When you ask most people what their career highlight is, you usually get a very specific answer about that person.
“It was the time I won this prize.”
“It was when I graduated from that.”
“It was the first time I got promoted.”
When you ask Cass, Trainer and Assessor at METS that question, her response is surprising.
“No particular moment,” she says, thoughtfully. “But every time one of my learners get qualified – every time – is a highlight for me, especially if they have learning difficulties or have experienced other challenges in the past.”
“When I see one of my students go onto university or get a leadership or Director role in an early childhood setting, it is such a success story. But really, watching any of them become early childhood professionals fills me with a sense of accomplishment and pride.”
If you can’t see it already, just from those first few statements, Cass is the type of teacher you want, when you are training towards a qualification that will drive your career.
She has been training for 14 years, six of which she has spent with METS, and still, after all this time, her genuine dedication to seeing her students achieve something for themselves, and step into such an important industry feeling confident and capable, is inspiring.
Cass makes you want to get out there, get your training and assessors qualification, and set the next generation of learners on their own path to success.
Like many of our METS childcare trainers, Cass started her career in the field, working her way up a director of an early childhood centre. She switched to training when she realised the impact she could have and the difference she could make to the industry she cares about so strongly.
“I’m passionate about having dedicated, professional and knowledgeable educators in the early childhood industry,” she shares. “I chose METS because it has such a strong history of educators who get to know each and every one of their learners. They support those students in the unique ways they need support, all the way through their training and studying journey.”
“This year, we celebrate 30 years of METS, and I still remember wanting to work here all those years ago, purely because of the reputation it has.”
Cass also enjoys the flexibility and diversity that being a trainer offers her – she’s just as busy and challenged as she was when directing centres, but each day brings such a variety of work, new scenery and different personalities, so is never boring!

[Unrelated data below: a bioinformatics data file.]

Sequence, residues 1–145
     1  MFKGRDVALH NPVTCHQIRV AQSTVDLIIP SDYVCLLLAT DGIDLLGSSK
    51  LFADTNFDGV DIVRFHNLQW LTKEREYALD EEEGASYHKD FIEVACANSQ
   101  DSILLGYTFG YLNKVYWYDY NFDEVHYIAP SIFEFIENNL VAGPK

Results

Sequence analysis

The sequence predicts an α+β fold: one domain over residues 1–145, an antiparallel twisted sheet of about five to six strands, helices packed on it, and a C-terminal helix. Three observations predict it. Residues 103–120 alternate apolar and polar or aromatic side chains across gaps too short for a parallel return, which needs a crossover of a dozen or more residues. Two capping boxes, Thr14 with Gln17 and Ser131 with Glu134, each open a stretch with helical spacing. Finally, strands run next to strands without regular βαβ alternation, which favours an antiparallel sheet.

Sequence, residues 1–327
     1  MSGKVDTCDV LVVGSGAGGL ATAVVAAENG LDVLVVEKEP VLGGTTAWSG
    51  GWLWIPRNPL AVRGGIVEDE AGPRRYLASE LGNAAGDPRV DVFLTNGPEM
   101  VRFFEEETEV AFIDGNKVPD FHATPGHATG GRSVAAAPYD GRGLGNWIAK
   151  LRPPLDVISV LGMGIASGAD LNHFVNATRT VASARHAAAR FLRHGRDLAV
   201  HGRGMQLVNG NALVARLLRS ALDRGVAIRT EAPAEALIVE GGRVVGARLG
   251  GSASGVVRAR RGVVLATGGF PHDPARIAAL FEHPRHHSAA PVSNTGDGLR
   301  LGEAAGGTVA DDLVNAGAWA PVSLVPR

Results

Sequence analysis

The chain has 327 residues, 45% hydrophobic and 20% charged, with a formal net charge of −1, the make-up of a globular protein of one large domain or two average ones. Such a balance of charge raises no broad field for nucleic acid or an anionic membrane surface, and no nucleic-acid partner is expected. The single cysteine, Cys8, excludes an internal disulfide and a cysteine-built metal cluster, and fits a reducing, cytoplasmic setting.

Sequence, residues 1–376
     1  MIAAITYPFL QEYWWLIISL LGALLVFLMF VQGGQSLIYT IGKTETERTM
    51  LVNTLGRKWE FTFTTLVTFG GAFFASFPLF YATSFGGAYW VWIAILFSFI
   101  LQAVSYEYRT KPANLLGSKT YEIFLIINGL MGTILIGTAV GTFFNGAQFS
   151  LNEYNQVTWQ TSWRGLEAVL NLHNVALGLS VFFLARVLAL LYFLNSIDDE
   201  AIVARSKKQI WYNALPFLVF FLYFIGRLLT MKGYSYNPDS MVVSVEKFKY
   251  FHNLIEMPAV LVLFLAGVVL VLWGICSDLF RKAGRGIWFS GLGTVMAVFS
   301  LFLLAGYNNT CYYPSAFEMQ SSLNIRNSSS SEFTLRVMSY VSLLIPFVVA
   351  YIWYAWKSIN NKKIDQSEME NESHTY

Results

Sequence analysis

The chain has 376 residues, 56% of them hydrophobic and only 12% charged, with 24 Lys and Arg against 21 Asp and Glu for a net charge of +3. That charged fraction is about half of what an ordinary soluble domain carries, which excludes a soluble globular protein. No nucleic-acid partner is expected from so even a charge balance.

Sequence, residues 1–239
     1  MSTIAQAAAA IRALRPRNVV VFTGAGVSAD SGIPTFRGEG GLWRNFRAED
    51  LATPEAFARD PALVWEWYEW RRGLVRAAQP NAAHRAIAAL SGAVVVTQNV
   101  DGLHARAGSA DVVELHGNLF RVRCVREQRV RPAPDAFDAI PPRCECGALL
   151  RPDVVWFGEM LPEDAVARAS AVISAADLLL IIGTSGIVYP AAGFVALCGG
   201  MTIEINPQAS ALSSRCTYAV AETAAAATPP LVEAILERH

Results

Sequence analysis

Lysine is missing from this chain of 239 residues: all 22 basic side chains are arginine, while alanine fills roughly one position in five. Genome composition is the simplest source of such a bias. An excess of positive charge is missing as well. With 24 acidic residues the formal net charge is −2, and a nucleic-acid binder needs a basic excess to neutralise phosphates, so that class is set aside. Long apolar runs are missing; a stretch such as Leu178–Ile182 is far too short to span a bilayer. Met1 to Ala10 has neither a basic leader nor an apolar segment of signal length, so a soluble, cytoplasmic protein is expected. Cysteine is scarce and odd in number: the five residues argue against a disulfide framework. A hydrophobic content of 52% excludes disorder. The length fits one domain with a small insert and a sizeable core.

“In our job, we have three roles; sometimes we’re out and about with students in their centres, other times we’re reviewing and marking their assessments, and like most jobs, we then have admin to do, always with compliance in the forefront of our minds. We have the flexibility and autonomy to choose what each day looks like, for ourselves, but it’s also nice to catch up with other trainers at regular meets.”
METS has a strong network of trainers, many of whom work in the early childhood space. They are allocated students, usually within their close geographic area. They then stick with those students for the duration of their study, getting to know them, helping them navigate obstacles, and of course, providing valuable field and career advice along the way.
“For me, it’s always important I really engage my learners, understand them and build genuine relationships. If they are comfortable with me, they can ask for help and support, and I know they are more likely to succeed in their traineeship.”
“At work, I’m just so inspired when I see my learners overcome challenges and succeed in their studies. Knowing how hard they work, and that I can help them, gets me up and to work every day.”
Cass is also a mum, and outside of work she’s inspired by her kids, who are really into playing sport!
“I love watching them play and how much effort they put in, celebrating their wins with them and helping them work through a loss. They have such passion when they play sport, no matter the outcome, and it reminds me to always approach what I do, with the same passion.”
“I’ve always believed the more you put into something, the more you get out of it. I teach this to my children, I live it in my every day life, and of course, I pass it onto my students.”
“Often, they are working full-time and studying, and that can become tiring. It can be easy to lose enthusiasm or drop the ball, and part of my job is to help them through that – to help them find that passion again, see the valuable outcome they are going to have at the end, and envision their own successful career.”
Finding your calling as a trainer and teacher means dedicating yourself to the supporting the achievements of others – so often a selfless act.
As METS knocks on the door of a new decade – our fourth providing training – we know we are fortunate to have the passion of all our trainers, Cass included, driving us forward.